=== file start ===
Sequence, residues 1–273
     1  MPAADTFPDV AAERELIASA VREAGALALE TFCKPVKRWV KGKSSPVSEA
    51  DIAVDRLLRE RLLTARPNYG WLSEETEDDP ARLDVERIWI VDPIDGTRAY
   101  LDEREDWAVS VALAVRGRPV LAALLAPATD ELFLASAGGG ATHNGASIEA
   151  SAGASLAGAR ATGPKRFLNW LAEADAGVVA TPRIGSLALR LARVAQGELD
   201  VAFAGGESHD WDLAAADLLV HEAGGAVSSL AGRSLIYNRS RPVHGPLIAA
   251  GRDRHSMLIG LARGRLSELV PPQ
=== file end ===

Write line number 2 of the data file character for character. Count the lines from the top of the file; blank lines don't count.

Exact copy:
     1  MPAADTFPDV AAERELIASA VREAGALALE TFCKPVKRWV KGKSSPVSEA